While the new journal, co-published with AFTD, will be in English and French (with abstracts in both languages), the publisher has agreed that we may translate certain articles into other languages, such as Spanish or Italian, for publication on the members’ only section of our website. The ESTD board recognizes the vital importance to our organization of employing European languages, in addition to English, as much as possible – on our website and in conferences. Indeed, the Berne conference is the first ESTD conference to structure presentation tracks in three languages – English, French and German, and we will gradually be adding material to our website in a variety of languages other than English. The Berne conference, under the superb leadership of Jan Gysi, looks to be the ESTD highlight for 2017, and probably for many years to come. A one-of-a-kind event, Berne 2017 will be the first trauma conference to blend law enforcement, judicial and clinical perspectives on child abuse. It will provide a unique opportunity to inform non-clinical professionals of the clinical impact of child abuse, and the manifestations of dissociation, but also for clinicians to learn from them about the realities and challenges of dealing with child abuse in the legal and law enforcement worlds. Read more about the conference at estd2017.org and register early – you will not want to miss this most important event!
To move from dissociation to integration, one must build relationships. One of the major challenges for ESTD in the coming years will be how to negotiate and sustain our relationships with existing and developing regional trauma and dissociation organizations, which now include not only Israel, Germany and France, but a number of other European countries (and more to come). We must find the right balance between supporting and encouraging regional efforts to improve the understanding of trauma and dissociation, which the language and country-specific organizations can provide, and maintaining a strong and vibrant European-wide trauma and dissociation organization. It is essential, for ESTD’s survival, and for the continued development of the trauma and dissociation field in Europe, that the correct balance be found. I, and the ESTD board, are committed to ensuring that all dissociation organizations in Europe, from small to large, work well together and do not compete with each other.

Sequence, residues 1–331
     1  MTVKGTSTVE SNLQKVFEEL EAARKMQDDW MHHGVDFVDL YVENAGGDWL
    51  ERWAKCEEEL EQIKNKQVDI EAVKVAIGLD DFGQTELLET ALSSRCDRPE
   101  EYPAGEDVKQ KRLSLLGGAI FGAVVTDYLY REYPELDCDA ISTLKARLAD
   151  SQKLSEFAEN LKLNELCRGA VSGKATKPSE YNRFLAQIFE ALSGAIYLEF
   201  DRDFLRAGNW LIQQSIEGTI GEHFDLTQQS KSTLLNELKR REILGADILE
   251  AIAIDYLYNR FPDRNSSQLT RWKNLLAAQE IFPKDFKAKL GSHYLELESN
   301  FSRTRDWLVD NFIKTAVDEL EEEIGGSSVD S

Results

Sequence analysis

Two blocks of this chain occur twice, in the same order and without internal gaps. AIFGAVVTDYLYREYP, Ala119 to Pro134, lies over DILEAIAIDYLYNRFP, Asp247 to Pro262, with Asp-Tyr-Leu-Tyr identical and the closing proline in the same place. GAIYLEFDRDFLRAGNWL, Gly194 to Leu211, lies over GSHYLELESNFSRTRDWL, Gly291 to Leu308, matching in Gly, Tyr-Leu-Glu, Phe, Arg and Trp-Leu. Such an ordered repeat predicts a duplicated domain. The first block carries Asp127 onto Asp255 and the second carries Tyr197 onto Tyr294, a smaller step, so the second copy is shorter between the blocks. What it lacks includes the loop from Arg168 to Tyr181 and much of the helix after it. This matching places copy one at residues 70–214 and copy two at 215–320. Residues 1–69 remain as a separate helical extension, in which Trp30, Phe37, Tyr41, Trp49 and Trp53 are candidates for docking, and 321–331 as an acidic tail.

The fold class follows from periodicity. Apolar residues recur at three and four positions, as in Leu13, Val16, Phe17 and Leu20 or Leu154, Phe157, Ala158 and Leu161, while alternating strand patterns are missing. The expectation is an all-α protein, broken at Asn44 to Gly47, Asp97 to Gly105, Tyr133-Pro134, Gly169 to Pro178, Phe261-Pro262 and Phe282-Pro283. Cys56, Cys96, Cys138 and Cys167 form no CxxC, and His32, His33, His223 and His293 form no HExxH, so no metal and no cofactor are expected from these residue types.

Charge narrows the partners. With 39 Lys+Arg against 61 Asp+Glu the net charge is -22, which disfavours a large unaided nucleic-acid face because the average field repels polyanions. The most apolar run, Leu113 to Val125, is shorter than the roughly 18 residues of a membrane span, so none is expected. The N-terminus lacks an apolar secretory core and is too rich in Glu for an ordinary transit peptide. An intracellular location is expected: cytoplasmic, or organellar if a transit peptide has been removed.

In additional to relationships with European national organizations, ESTD’s relationships with international organizations are also of great importance. We have had a close relationship for many years with EMDR Europe, but even that good relationship could be improved. With ESTSS, the European Society for Trauma and Stress Studies, we have a somewhat harder task. As is the case with ISTSS, international trauma organizations appear to have a rather ambivalent relationship with dissociation. This is a complex problem, but not insurmountable; let’s hope to see some improvement in the future.
But our most important international relationship is with ISSTD, the International Society for the Study of Trauma and Dissociation. While this relationship has always been characterized by mutual support and respect, communication has not always been optimal. I am quite confident, however, that this will change, particularly as Martin Dorahy, the current President of ISSTD, is a very close colleague of mine. We are in regular contact about a variety of matters, and have agreed to have Skype conferences every few months to discuss matters of mutual interest between ISSTD and ESTD.
One of these initiatives has already borne fruit. As you can read about in this issue of the newsletter, ISSTD and ESTD have formed a research ‘task force’ to address a number of cutting edge issues or questions in our field, with the goal of making dissociation and the dissociative disorders better understood and more widely accepted by the general clinical and research community. Martin and I have gathered a number of experts from within ESTD and ISSTD, formed groups to address six key issues, and asked clinicians and researchers with expertise in these areas to join us. The goal is to produce high level publications of broad scientific interest in the near future, to orient the field and guide research in the years to come, and to address the concerns and misconceptions of those unfamiliar with the profound consequences of trauma and dissociation.
I believe that ESTD is a great organization. I am very proud to be have been a member for years and now to be its new President. I plan to continue the good work started by Eva and Manoëlle and, before them, Remy Aquarone, Eli Somer and Suzette Boon. ESTD is now a very safe place for trauma and dissociation clinicians; I am committed to maintaining this, but at the same time want to see ESTD become more attractive to scientists and researchers. We can have a big tent!
Finally, on a personal note, my wife and I moved to Germany last year, where I have taken a position as Professor of Psychology at a small American institution, Touro College Berlin. As some of you know, I have moved a lot in recent years – from the U.S. to New Zealand, then to Scotland, Denmark, and now Germany. But I’m very happy here, am slowly learning German, and do not plan to move again! I expect to see all of you (no excuses!) in Berne this November!
With warm wishes (or Mit freundlichen Grüßen),
From ESTD Newsletter Volume 6, Number 1, March 2017